He titles his works with a range of names, several of them religious. “Expulsion from the Garden” (c. 1972-73) evokes the Genesis story of Adam and Eve. “The Temptation of Saint Anthony” (c. 1973), meanwhile, offers just one hint of its religious theme: a red cross near the center of the composition. This mostly red and orange picture is largely abstract, evoking a desert bisected by a thin river. Some sort of structure occupies the top part of the picture and a fire hydrant, telephone and gasoline pump fill the foreground and middle ground.

“Golf Course of Life”

Knowing the title, the notion that communications technology and car fuel could tempt someone committed to introspection and religious prayer will ring true to any parent who has asked a child to put away a phone at the dinner table or to anyone who has tried to have a conversation with a friend or work colleague who is checking email.

Philp reveals that he grew up in the church but left after reading conflicting things about Christianity, particularly references to corrupt popes in centuries past. He is more at home in African religions and in Buddhism; he practices a form of the latter called Nichiren Shōshū, which involves chanting the mantra “Nam-Myoho-Renge-Kyo.”

Philp doesn’t consciously connect his religious practice to his art-making, though, and the religious-titled works in the show were inspired by medieval Dutch artist Hieronymus Bosch and Italian Renaissance artist Masaccio.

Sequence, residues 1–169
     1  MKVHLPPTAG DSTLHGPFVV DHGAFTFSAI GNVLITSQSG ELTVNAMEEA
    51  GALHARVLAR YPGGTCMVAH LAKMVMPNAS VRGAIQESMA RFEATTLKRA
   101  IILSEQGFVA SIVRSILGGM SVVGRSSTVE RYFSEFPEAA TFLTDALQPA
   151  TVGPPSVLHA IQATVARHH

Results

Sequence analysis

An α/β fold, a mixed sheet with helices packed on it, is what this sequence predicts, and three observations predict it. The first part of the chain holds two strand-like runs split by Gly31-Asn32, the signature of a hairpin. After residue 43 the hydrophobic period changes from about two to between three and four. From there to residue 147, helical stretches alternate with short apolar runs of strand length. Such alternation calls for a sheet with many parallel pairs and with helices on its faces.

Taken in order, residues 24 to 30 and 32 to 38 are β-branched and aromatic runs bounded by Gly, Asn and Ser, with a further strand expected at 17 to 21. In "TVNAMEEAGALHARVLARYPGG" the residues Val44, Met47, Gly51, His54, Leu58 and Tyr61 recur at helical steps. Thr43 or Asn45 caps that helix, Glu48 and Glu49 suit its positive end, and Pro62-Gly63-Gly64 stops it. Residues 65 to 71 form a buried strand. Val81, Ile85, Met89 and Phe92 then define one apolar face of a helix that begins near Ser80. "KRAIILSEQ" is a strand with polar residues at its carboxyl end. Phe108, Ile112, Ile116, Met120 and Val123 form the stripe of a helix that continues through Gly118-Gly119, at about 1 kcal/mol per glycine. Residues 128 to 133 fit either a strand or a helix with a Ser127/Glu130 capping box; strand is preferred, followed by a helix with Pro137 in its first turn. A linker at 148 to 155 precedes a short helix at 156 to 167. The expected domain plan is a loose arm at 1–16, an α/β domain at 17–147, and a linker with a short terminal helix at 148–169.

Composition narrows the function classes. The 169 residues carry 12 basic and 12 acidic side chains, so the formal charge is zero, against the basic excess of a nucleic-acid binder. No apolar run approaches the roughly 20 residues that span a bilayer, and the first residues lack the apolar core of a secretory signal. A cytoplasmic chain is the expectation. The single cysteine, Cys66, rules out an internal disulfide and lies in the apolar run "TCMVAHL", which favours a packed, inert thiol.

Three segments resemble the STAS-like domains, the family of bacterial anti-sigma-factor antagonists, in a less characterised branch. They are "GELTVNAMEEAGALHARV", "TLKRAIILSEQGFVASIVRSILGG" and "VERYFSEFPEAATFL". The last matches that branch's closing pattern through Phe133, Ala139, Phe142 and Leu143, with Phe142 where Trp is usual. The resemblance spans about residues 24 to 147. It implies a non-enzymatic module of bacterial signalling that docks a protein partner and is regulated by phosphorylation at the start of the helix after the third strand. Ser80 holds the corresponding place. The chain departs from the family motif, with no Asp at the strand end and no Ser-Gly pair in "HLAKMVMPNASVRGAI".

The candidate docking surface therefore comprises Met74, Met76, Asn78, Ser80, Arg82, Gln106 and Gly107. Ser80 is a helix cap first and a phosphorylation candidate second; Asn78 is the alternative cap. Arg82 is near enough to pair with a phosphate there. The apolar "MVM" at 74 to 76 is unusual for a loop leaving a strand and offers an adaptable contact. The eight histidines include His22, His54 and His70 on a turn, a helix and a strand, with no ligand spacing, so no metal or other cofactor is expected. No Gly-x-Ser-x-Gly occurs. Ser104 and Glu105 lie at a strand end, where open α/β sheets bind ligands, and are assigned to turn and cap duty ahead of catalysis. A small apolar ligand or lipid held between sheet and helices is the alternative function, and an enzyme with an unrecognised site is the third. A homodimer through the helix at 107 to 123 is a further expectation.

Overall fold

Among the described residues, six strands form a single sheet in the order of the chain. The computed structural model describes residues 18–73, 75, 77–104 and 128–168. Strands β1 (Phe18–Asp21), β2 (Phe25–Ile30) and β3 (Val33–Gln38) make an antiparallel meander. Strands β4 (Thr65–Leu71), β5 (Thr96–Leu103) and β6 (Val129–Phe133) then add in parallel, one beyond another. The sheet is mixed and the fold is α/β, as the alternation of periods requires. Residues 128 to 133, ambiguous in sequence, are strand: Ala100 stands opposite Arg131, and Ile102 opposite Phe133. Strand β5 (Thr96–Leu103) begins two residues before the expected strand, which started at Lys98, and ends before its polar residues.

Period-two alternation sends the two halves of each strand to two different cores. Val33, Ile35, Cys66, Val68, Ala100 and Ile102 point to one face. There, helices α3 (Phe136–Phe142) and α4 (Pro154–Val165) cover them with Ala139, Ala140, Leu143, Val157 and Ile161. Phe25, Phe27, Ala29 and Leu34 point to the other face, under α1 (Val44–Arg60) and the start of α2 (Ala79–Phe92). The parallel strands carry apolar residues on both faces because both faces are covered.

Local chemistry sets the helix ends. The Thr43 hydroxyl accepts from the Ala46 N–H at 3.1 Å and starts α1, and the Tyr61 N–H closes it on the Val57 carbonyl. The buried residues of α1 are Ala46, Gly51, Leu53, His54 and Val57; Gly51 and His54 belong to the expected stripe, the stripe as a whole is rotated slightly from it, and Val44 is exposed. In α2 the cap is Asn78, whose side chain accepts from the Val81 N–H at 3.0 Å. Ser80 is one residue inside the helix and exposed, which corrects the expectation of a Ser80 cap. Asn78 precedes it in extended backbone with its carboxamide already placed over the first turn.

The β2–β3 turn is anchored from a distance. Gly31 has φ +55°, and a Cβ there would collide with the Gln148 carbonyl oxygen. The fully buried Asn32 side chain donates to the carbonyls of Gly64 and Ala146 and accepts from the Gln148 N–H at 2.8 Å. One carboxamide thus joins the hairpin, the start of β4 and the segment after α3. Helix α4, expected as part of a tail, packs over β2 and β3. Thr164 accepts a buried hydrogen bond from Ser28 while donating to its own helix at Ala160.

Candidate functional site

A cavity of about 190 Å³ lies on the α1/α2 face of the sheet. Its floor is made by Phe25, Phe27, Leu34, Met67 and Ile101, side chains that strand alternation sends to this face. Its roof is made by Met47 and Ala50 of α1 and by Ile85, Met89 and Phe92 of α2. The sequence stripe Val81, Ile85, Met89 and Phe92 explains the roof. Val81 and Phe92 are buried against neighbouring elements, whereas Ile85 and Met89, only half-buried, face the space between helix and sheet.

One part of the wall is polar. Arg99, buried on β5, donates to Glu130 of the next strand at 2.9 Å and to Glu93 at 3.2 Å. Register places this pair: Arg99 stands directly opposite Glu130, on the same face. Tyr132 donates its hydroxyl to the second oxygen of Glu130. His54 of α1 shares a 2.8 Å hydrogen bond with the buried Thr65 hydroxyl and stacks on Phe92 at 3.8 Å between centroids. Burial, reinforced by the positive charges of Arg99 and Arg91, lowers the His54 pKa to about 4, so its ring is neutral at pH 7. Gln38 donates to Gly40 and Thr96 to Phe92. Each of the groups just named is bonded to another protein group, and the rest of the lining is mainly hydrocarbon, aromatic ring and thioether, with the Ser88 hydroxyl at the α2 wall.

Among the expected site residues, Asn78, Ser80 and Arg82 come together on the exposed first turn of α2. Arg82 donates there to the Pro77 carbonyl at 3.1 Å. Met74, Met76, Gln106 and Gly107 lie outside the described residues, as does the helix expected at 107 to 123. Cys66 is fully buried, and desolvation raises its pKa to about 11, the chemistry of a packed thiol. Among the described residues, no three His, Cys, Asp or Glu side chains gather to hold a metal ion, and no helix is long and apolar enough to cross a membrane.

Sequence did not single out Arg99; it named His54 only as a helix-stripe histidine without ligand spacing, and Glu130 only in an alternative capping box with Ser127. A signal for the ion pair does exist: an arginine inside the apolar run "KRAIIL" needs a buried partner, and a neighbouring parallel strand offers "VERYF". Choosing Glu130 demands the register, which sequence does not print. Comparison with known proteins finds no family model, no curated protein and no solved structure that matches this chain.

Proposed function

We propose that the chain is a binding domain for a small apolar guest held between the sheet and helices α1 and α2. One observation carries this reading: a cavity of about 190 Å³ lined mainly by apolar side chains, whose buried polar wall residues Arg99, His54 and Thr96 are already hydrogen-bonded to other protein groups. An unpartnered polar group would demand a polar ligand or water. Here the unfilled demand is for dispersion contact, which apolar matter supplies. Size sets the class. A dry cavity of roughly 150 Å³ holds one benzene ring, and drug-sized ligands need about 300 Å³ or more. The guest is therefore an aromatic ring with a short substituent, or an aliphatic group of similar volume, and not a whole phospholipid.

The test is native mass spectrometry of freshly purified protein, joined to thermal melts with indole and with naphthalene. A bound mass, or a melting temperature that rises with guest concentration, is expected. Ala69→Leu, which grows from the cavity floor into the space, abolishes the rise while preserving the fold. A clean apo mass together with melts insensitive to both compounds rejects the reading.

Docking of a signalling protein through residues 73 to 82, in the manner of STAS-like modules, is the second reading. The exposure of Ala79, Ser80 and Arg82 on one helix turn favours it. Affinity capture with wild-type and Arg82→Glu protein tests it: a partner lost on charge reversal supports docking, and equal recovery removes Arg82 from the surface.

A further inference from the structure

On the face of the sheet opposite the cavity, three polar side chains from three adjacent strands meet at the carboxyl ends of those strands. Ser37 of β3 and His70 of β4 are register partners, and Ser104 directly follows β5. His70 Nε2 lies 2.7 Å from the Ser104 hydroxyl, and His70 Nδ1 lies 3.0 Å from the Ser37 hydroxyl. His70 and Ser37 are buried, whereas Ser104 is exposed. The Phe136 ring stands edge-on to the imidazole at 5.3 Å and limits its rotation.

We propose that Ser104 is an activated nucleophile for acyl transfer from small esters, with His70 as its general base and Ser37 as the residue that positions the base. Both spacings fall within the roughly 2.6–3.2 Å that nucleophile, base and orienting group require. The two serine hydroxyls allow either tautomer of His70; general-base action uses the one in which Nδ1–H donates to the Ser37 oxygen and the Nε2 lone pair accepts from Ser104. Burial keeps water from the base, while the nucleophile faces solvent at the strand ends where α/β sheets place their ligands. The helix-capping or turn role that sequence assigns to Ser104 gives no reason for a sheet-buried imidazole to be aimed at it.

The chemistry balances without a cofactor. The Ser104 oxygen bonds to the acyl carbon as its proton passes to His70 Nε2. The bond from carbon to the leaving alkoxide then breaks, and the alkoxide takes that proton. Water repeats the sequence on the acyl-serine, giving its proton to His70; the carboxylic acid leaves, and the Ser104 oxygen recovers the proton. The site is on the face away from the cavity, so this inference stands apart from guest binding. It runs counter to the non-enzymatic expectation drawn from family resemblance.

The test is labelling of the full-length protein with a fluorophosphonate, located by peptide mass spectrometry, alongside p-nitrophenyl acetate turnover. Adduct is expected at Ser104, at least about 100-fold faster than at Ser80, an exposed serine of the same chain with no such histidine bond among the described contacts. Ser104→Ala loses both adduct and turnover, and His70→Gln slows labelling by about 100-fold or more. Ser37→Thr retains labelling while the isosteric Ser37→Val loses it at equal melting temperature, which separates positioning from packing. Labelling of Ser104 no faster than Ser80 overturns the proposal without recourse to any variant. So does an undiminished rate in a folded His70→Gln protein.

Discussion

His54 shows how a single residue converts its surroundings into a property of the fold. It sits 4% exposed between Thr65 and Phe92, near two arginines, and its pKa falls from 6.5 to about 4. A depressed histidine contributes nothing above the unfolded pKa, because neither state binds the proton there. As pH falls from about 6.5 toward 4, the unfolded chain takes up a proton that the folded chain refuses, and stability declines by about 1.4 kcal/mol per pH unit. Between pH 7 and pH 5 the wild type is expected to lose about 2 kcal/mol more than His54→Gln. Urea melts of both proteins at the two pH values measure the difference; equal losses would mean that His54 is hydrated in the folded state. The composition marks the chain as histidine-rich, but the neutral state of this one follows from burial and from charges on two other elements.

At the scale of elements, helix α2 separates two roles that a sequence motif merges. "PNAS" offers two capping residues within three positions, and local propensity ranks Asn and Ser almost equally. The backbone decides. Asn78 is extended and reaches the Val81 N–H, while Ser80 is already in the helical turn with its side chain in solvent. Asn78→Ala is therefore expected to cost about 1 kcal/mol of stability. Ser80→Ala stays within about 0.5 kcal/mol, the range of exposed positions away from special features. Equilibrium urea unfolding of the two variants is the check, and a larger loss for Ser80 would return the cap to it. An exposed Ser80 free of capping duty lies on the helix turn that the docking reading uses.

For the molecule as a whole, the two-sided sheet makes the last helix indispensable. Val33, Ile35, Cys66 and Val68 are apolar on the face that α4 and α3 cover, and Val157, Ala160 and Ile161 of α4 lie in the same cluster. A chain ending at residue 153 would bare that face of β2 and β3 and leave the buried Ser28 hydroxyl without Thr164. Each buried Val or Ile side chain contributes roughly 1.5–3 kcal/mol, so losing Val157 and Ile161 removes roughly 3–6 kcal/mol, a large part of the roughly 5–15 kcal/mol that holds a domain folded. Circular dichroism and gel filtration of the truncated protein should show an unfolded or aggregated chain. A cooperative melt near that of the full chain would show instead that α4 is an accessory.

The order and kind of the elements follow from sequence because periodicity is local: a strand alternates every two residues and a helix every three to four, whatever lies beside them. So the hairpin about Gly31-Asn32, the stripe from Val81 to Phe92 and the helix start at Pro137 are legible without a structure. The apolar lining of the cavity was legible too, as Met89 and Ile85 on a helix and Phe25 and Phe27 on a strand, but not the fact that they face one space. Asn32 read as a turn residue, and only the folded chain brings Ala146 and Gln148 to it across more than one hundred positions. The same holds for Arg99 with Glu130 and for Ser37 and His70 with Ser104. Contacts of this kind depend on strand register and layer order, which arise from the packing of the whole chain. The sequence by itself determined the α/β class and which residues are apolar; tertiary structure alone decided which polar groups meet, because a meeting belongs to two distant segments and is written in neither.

When Eric Key, director of UMGC’s arts program, traveled last year to Philp’s studio 40 miles southeast of Atlanta to select the works for the exhibit, he said he noticed certain symbolism in the artist’s work against. Key asked Philp about the layers, grids and textual inscriptions in the work, which seemed to offer social commentary at times. The artist said that was not his intent.

“But that’s exactly what it is,” Key said. “When you talk to him, you think there is no message in the work. He gets into this zone where he just creates.”

Philp’s titles pregnant with social meaning include “Golf Course of Life” (c. 1972), “Upstate Aggression” (c. 1995) and “U.S. Dollar” (1999-2000). The latter, part of his Leaving Home Series, is a mixed media work on paper that contains a lot of text. The phrase “U.S. Dollar” appears on a green rectangle at the top, beneath which three syringe needles press into an arm and the words “New Jack Slavery” appear. Inscriptions appear elsewhere in the composition—“U.S. Yen Pound” and “One Money”—and one can discern letters and numbers and phallic shapes. Other texts are murkier.